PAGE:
Kells High Crosses, Co. Meath
Location: On R 163 in the center of Kells town, just west of the intersection of N3 and N52 is St. Columba's
Church of Ireland whose cemetery contains the round tower, several high crosses and nearby, an ancient oratory said to
be the house of St. Columcille. The town of Kells is situated on the N3, 60km northwest of Dublin in the historic Boyne
Dimensions: The South Cross, closest to the roundtower seems to be the earliest of the Kells crosses, dating
to the very earliest 9th century. Standing 3.3 meters high, it is carved from a single block of sandstone. There is
no capstone but a tenon for it remains. The cross is covered in figure carving and ornamentation. An inscription
on the base (upper part of the east face) reads: PATRICII ET COLUMBE CR (cross of patrick and Columba - this inscription
has weathered to be presently unreadable). Virtually all of the figure carving has some biblical reference and is
interspersed in panels with a variety of interlace patterns. The West Cross or the Broken Cross, is also composed
of sandstone and although only the shaft remains, it
stands 3.5 meters high and is again rich with carving on all four sides. The east face centers around events in Christ's life
while the west face depicts early scenes from the bible. The north and south (narrow) faces feature ornamental designs.
The Unfinished Cross, towers approximately 4.75 meters high over the surrounding graveyard on the north side of
the present church. It has been blocked out for carving, but little more work was done to the massive cross beyond a
crucifixion scene on it's east face. Only the lower part of the ring survives. The base of still another high cross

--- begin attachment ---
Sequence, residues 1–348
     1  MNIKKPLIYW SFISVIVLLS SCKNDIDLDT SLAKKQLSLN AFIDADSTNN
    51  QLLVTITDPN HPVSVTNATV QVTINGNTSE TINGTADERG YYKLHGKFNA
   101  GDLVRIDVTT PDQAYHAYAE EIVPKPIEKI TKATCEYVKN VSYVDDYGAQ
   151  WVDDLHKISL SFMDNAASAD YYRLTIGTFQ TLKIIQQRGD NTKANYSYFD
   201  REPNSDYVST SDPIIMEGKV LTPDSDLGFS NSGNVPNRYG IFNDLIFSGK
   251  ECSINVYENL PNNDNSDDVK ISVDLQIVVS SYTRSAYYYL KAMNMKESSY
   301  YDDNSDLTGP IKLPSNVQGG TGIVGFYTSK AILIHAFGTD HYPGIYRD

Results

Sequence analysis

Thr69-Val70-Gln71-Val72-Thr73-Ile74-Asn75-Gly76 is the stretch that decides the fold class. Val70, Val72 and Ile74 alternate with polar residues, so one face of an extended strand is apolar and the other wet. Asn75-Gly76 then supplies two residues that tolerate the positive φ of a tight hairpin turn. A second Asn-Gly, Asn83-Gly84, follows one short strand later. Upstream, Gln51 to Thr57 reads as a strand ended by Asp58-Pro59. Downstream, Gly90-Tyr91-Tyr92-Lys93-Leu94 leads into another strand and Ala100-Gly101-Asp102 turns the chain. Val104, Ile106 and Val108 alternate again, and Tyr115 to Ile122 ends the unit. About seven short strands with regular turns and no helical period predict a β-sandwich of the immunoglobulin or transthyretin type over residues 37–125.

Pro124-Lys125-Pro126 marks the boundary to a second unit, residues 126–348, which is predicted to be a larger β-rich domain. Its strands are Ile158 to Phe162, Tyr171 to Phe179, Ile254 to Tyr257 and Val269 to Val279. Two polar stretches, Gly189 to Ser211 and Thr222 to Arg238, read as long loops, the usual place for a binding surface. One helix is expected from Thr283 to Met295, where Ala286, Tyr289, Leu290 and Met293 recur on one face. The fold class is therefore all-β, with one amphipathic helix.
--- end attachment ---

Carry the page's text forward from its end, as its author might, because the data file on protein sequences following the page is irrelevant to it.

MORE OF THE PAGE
can be found behind the medieval tower. The
Market Cross can be found relocated in front of the Heritage Center a few blocks west of the church property.
Composed of sandstone like the other Kells
crosses, it stands 3.35 meters high and is richly carved with biblical scenes. Despite conservation and repair the
carvings are badly worn.
Comments:The Book of Kells, an illuminated Latin Gospel Book was completed here during the thriving years
of the monastic community. The actual Book resides at Trinity College in Dublin, but a beautiful replica can be viewed
in the museum in the Heritage Center. The town of Kells has placed historical plaques with information about the
buildings they mark throughout the town.
History: Arguably one of the oldest continuous settled towns in Ireland, Kells is rich in historical artifacts
from virtually all periods. It was when the settlement was established in 804 as a refuge from Vikings
for the monastic community of Iona that the town came into prominence. Numerous raids took place in the 10th through the
early 12th century and the Columban community flourished until the 12th century.
Other Items of Interest: Quite a few Early Christian remains survive in Kells. Among those that can be
visited are St. Columba's 'house', the medieval bell tower, various grave slabs in the cemetery, the round tower (
built before 1076) and the cross that formerly stood at the market square and was re-erected in 2001 in front of the
new Heritage Center at the Old Courthouse on Headfort Place under a plexiglass roof to protect it some from weather.
The 18th century bell tower has interesting old plaques and artifacts affixed or built into several sides, particularly the
north (door side) and east walls.